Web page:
Blackbirds took the reader by the throat and dragged them on a harrowing journey through life's seamy underbelly. It was narrated in 3rd person present tense by the foul mouthed Miriam, and it did not pull it's punches. It wasn't an easy book to read, but it was quick purely from the fact that it compelled you to read on.

Because of the impact Blackbirds made on me, Mockingbird was on my must buy list as soon as I heard about it. I was overjoyed recently to wander into my local SFF bookstore and see Mockingbird with Joey HiFi's striking cover art on it. I'm really pleased that they retained Blackbirds' cover artist and that he went with the same style; Miriam's wild hairstyle being composed largely of birds. You have to be careful with the covers, a close inspection reveals things about what lays within the pages, so if you don't want to be spoiled, don't really examine it until you've finished the book. Mockingbird isn't quite as eye catching as Blackbirds was, but I think that's largely because I preferred the hairstyle on the first book.

It's been some time since the events of Blackbirds and Miriam is trying to settle down to a more normal life with her truck driver boyfriend with the heart of gold and patience of a saint; Louis. Miriam is not by nature a pleasant person, and her curse makes it hard for her to even pretend to be normal. Soon enough her temper gets the better of her, costs her a job and leads to a vision of impending murder. Once again Miriam manages to thwart destiny.

Because she's out of a job Louis arranges her to use her ability with a friend of his to foretell her death. The woman works as a teacher at a private school for girls, girls with troubled lives, the school is as much a reformatory as it is a place of learning. Miriam sees a bleak future for a girl in the school, this twelve year old will die quite horribly unless Miriam does something about it. It's going to take every bit of ingenuity and all of Miriam's fighting spirit to put this one right.

Blackbirds and Mockingbird both have Wendig's marvelously raw and descriptive way of looking at general life. While the subject matter is by it's very nature and the bleak outlook of the protagonist, fairly depressing, there's still a macabre sort of humour about it. Miriam's take no prisoners style of talking is frequently funny, and it's just part of her character.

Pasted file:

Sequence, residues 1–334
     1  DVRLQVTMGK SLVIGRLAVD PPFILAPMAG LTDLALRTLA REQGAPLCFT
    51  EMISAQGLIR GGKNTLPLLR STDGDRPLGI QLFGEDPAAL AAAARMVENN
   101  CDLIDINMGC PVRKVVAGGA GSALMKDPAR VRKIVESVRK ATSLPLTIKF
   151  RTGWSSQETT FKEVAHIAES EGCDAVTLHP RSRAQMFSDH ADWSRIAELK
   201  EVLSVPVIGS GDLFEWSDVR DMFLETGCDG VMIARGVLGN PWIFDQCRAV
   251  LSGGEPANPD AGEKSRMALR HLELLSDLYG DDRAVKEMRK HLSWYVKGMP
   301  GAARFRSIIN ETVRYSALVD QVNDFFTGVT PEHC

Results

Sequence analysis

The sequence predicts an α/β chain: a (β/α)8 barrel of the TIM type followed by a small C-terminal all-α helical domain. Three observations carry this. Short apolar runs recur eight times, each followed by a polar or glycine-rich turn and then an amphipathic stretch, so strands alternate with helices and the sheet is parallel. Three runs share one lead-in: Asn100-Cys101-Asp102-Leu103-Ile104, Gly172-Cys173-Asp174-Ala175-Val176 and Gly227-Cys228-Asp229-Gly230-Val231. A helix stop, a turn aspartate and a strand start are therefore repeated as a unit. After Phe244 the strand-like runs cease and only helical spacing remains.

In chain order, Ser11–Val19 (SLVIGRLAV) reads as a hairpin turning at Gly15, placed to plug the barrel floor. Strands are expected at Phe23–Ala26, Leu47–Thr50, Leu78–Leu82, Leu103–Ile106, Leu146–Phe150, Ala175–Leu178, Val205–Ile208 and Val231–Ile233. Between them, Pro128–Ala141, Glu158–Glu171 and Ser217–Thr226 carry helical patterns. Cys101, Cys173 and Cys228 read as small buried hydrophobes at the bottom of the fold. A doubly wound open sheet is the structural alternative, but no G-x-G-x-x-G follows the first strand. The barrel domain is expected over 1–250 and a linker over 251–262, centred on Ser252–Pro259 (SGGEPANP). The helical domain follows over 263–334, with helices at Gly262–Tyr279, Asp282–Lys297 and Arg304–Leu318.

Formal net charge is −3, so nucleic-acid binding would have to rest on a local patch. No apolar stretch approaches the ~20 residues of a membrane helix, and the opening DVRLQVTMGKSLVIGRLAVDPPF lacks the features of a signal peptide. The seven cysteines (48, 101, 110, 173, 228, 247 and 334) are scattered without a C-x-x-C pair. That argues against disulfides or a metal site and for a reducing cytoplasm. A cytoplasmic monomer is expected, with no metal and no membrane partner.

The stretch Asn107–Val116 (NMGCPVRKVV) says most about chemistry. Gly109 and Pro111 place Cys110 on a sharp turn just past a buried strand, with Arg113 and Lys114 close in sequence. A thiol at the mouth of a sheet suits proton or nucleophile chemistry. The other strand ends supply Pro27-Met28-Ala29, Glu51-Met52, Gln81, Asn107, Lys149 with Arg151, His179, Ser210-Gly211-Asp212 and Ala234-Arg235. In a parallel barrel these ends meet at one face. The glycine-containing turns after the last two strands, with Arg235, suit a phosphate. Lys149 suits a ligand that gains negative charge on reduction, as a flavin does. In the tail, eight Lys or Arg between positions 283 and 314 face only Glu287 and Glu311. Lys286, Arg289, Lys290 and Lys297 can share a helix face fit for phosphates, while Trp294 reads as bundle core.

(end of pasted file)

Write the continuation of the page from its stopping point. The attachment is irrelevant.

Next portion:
While Blackbirds was largely a one hander, Miriam gets some allies in Mockingbird. There's Louis of course, Lauren the girl from Caldecotts, who starts Miriam on her mission, is also prominent and I think Miriam can see a lot of her in the smart mouthed pre teen. The teacher from Caldecotts; Katey, who doesn't look like a Katey according to Miriam, is also a welcome addition and ally.

Mockingbird finishes on a high note, sort of, and if there were no more Miriam Black stories this could have ended them, but happily there are and Cormorant is due out in 2013.

If you enjoyed Blackbirds then you will love Mockingbird and if you haven't read Blackbirds then you should do so immediately and then read Mockingbird. Both books are among the best, rawest urban fantasy I have ever read and will keep you turning the pages until the very end, then wish there was some more.

Wednesday, September 12, 2012

Wizard of the Pigeons by Megan Lindholm

Megan Lindholm is better known to readers as Robin Hobb, the author of a number of much loved and highly successful fantasy series set in the Six Duchies. Before adopting the pen name she wrote under part of her real name, which is Megan Lindholm.

I’d read some of Robin Hobb’s books, and while not as enamoured of them as many are I was still interested to see what the work she wrote prior to the Farseer trilogy stacked up against the later and better known books. Another intriguing thing was that Wizard of the Pigeons is classified as urban fantasy.